The first restrictions on settlement by “British subjects”—that is, people from the old British Empire—were introduced in 1961. “By that time, however,” as Roberts says, “the pass had been sold.”

To me personal, David Kynaston’s books about postwar Britain are especially fascinating. They begin precisely where my existence did, around VE Day. The first volume, Austerity Britain, covers 1945-51; the second, noted above, is Family Britain, covering 1951-57. The third, just published over there, is Modernity Britain, 1957-1959.  

It’s a very engrossing thing, to read social history precisely keyed to one’s own lifespan. Words and names loaded with strange power, that seemed, to one’s childish understanding, to loom up suddenly, inexplicably, out of the fog of adult concerns, are here seen in their humdrum context: Johnnie Ray! Formica! Polio! Wilfred Pickles!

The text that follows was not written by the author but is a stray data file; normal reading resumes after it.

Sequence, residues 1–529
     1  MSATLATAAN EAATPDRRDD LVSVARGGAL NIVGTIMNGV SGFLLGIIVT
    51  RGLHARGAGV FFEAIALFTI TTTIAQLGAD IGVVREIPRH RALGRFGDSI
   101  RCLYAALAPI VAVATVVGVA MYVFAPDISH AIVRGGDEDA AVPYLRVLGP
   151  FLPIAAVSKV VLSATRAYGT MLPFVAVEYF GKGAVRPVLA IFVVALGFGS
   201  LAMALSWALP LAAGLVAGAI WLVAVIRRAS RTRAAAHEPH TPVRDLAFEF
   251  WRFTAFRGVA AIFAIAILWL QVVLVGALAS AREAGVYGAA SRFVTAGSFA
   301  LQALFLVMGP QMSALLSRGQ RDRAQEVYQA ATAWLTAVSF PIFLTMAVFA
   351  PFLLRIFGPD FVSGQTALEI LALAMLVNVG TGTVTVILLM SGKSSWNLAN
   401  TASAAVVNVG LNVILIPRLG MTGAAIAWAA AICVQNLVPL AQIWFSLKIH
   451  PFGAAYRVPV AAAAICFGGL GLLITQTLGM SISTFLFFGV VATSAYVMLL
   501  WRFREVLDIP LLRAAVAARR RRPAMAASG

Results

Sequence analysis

There are some surprises. Working my way through the first volume, I was curious to see which event in the world at large was the first of which I had any memory at all. Astonishingly, for a person as severely fashion-challenged as myself, it was the New Look, which I remember my mother and her housewife friends talking about. Psychologists tell us that our first memories form around age 2½, so I suppose I am remembering late 1947. Good grief!

Time and again, though, working through Kynaston’s pages, I am reminded that I belong to the last generation of whites to grow up in a monoracial nation. Because nonwhites were concentrated in a few big cities, Sir David Maxwell Fyfe’s rule applied. From Family Britain:

Gallup in April 1955 asked, “Do you think it is right or wrong for people to refuse to work with coloured men or women?”, to which only 12 percent thought it was right, whereas 79 percent thought it wrong. (In the same poll, to the question “Do you personally know or have you known any coloured people?”, 58 percent replied in the negative.)

The inhabitants of our own sleepy country town must have been solidly in the 58 percent.

The racial vacuum was to some degree filled by the narcissism of small differences, with class of course the main marker. Kynaston: